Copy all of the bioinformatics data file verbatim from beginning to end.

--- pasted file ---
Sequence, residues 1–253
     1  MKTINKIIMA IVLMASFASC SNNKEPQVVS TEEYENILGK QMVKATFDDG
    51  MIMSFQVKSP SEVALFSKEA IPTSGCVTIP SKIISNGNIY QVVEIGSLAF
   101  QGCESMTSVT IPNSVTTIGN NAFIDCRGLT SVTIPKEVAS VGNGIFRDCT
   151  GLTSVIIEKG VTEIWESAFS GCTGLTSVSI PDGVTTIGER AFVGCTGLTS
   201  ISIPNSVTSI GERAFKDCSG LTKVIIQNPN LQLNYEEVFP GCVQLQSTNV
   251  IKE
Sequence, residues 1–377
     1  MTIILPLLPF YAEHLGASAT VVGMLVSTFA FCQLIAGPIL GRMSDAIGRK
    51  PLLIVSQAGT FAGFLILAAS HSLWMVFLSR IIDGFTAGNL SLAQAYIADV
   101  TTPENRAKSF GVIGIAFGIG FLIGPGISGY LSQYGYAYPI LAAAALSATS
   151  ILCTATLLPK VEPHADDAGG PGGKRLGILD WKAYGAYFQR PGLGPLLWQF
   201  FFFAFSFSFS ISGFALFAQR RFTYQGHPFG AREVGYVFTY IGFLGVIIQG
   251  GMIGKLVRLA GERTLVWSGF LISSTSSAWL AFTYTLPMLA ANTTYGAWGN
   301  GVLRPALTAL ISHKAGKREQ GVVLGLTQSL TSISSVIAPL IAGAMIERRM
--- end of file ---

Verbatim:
Sequence, residues 1–253
     1  MKTINKIIMA IVLMASFASC SNNKEPQVVS TEEYENILGK QMVKATFDDG
    51  MIMSFQVKSP SEVALFSKEA IPTSGCVTIP SKIISNGNIY QVVEIGSLAF
   101  QGCESMTSVT IPNSVTTIGN NAFIDCRGLT SVTIPKEVAS VGNGIFRDCT
   151  GLTSVIIEKG VTEIWESAFS GCTGLTSVSI PDGVTTIGER AFVGCTGLTS
   201  ISIPNSVTSI GERAFKDCSG LTKVIIQNPN LQLNYEEVFP GCVQLQSTNV
   251  IKE
Sequence, residues 1–377
     1  MTIILPLLPF YAEHLGASAT VVGMLVSTFA FCQLIAGPIL GRMSDAIGRK
    51  PLLIVSQAGT FAGFLILAAS HSLWMVFLSR IIDGFTAGNL SLAQAYIADV
   101  TTPENRAKSF GVIGIAFGIG FLIGPGISGY LSQYGYAYPI LAAAALSATS
   151  ILCTATLLPK VEPHADDAGG PGGKRLGILD WKAYGAYFQR PGLGPLLWQF
   201  FFFAFSFSFS ISGFALFAQR RFTYQGHPFG AREVGYVFTY IGFLGVIIQG
   251  GMIGKLVRLA GERTLVWSGF LISSTSSAWL AFTYTLPMLA ANTTYGAWGN
   301  GVLRPALTAL ISHKAGKREQ GVVLGLTQSL TSISSVIAPL IAGAMIERRM